The audience itself was interesting. I gather official registration for YearlyKos topped out at around 1500, but with the media and campaign worker hordes present, the forum may have drawn close to 2000 people. At the very beginning of the forum, Bai announced they would not follow the usual rule of seeking to suppress audience reactions. That turned out to be a useful if counter-intuitive decision. The audience reacted in some form to almost every candidate comment, including subtleties that would usually not elicit much response. It felt a bit like being in the middle of a huge focus group of political junkies.
When the candidates first trooped onto the stage, Obama won the initial applause-o-meter contest. But every candidate, including Hillary Clinton (who didn’t draw the initial boos some had anticipated) had at least one moment of heavy applause during the debate. Perhaps the most unusual development, as compared to previous debates, was the feral roar that met several of Mike Gravel’s patented screeds, though at least in my section of the room, quite a few people were laughing and grimacing as they applauded, clearly viewing Gravel as prime entertainment (and the Alaskan got his own share of hisses and groans when he was asked about his support for a national sales tax).
There was not a whole lot of overt audience-pandering during the forum. Clinton mentioned her support for “net neutrality” a couple of times. Kucinich clearly thought this particular audience needed to be reminded repeatedly of his support for a single-payer health care system. Dodd managed to work in a reference to his appearance last week on Bill O’Reilly’s show to challenge the host’s attacks on this very conference. And Edwards (generally considered the debate “winner” if there was one) followed a very consistent tack of stressing his combative attitude towards lobbyists (more about that in a minute) and Republicans; at one point, he even said his campaign was not being guided by a “political strategy,” a clever allusion to the netroots aversion to “poll-driven centrists.”
As you probably know if you saw any of the TV or newspaper coverage of the forum, the one “gotcha” moment occurred when Matt Bai directly asked HRC to respond to Edwards’ demand (which he repeated a second time to make sure the trap got properly baited) that all candidates follow his and Obama’s example by refusing to accept “a single dime from lobbyists.” After curtly refusing to give her fundraisers heart attacks by suddenly ruling out PAC contributions, Clinton did something I’ve never seen her do: she flubbed an answer. Instead of immediately touting her support for public financing (which Dodd did in a follow-up, to rapturous applause), or citing the need to match Republican campaign dollars, or even blurring the issue by reminding everyone that progressive causes have lobbyists, too–she basically said lobbyists represent real people, and she wants to represent everybody. It did not go over well.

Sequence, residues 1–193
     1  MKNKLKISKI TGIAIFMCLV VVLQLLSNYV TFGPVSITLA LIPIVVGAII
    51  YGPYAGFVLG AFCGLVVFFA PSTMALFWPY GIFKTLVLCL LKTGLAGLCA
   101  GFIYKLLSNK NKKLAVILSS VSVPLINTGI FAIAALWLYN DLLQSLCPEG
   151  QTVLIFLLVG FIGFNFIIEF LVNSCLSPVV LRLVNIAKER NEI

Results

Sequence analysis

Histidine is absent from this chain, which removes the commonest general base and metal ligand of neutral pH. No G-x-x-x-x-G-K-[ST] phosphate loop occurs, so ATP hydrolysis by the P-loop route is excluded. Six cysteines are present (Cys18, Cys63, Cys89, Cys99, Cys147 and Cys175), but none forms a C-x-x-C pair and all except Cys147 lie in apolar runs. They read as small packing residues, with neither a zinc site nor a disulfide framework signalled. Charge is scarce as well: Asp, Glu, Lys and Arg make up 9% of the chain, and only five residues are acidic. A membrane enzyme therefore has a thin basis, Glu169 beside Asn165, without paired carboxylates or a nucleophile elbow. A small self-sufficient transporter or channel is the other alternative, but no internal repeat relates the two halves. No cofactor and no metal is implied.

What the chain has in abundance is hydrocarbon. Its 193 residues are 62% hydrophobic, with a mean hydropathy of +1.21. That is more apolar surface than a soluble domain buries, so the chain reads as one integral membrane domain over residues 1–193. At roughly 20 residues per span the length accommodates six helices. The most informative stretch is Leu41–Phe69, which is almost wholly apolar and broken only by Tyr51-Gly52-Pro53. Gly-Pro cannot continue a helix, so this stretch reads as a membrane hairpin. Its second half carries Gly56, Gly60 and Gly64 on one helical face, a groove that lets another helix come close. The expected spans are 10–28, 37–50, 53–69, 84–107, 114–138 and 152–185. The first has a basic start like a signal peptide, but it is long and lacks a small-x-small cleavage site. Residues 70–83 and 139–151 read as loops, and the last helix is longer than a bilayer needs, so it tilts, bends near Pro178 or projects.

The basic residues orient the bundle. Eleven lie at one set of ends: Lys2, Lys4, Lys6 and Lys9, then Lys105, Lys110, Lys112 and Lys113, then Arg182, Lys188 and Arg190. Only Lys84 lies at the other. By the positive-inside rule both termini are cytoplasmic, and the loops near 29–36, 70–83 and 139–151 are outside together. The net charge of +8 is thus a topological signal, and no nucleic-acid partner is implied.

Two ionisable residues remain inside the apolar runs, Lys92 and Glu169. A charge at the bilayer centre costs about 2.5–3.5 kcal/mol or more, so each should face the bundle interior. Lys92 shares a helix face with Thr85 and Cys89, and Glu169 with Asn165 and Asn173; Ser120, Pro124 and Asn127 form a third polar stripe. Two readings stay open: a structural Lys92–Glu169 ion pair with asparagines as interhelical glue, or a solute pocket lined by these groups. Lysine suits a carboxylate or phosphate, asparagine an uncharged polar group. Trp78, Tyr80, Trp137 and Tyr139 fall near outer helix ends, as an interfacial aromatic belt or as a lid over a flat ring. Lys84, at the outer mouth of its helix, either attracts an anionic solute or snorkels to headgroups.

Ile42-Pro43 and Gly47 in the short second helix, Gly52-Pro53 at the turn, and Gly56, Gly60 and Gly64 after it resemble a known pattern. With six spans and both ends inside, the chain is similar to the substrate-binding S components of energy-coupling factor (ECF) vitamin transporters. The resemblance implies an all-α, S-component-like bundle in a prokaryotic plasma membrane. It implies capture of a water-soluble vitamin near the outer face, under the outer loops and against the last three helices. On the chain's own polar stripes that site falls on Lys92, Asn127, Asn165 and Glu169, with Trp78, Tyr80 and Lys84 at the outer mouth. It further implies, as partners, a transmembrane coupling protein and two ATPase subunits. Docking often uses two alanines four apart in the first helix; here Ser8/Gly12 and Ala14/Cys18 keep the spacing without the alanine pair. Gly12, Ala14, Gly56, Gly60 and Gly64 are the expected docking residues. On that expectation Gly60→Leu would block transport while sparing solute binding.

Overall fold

But other than that, HRC, like all the candidates, were well-received. (At one point, McCarter was asking her a question about the current administration’s policies, and mistakenly said “President Clinton” instead of “President Bush.” HRC immediately quipped: “A Freudian slip.”) Efforts by Richardson, Dodd and Kucinich to hit Clinton and Obama over residual troop deployments in Iraq or a funding cutoff strategy fizzled, as they did in the CNN-YouTube debate.
Obama started slowly, but warmed up as the debate proceeded, and won high marks for a very substantive answer to an unusual question about how to deal with China. Richardson did as well as he could with the very first question of the debate (from McCarter), about his infamous debate citation of Whizzer White as a model for his Supreme Court appointments. (“I screwed up there,” he admitted, before going into a comfortingly conventional statement of commitment to pro-choice judges). After that, the New Mexican looked more relaxed than usual in the debate format, and got his share of applause. He also drew lusty boos after going out of his way to repeat his pledge to support a balanced budget constitutional amendment (via Ezra Klein, I just read Ben Smith’s great quip that this was “the first fiscal policy booing on record.”) Chris Dodd got a higher percentage of questions than in past debates, and took good advantage of them.
The perception that Edwards probably did himself more good than his rivals was reinforced by his answer to a question that was definitely the softest softball of the forum: an audience inquiry as to whether the candidates would appoint an Official White House Blogger. “I will,” he said. “And her name will be Elizabeth Edwards.” Clearly, the man didn’t win all those trials by being slow on the uptake.
Somehow or other, there were no questions about energy policy (which much as I think global climiate change is an overriding issue, I didn’t mind that the candidates didn’t soak up a third of the debate reciting their 35-point energy plans), and not much about health care. But it was a good event, with positive vibes attributable in no small part to the feeling that the netroots had “arrived”‘ by attracting the candidates.